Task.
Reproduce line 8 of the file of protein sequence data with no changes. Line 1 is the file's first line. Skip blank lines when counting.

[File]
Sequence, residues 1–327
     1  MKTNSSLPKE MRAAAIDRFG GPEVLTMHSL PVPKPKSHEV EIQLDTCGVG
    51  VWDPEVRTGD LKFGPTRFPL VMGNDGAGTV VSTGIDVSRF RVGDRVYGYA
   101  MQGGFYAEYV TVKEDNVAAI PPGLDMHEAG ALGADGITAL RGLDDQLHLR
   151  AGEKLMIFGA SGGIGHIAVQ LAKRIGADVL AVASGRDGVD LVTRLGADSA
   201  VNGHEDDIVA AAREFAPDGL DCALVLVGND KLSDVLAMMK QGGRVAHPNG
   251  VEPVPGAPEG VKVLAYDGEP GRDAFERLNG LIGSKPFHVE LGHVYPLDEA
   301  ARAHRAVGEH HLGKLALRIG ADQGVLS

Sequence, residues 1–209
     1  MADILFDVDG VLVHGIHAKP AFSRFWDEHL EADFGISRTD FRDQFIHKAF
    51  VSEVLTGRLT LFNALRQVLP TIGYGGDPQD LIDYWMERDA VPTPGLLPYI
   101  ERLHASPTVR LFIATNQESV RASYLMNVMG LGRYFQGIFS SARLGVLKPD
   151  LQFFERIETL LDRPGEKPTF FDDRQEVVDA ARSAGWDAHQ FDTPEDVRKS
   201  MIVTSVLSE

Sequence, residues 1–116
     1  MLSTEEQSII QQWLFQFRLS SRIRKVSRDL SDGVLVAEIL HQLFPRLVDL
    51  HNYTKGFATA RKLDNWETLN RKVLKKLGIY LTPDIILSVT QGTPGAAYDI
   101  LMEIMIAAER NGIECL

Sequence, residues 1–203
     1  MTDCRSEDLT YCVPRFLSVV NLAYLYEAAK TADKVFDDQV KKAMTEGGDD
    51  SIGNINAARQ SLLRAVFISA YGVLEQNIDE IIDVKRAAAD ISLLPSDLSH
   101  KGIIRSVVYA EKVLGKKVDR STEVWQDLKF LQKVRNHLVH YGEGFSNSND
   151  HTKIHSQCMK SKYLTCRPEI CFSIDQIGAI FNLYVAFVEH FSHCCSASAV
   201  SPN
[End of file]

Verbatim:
   301  ARAHRAVGEH HLGKLALRIG ADQGVLS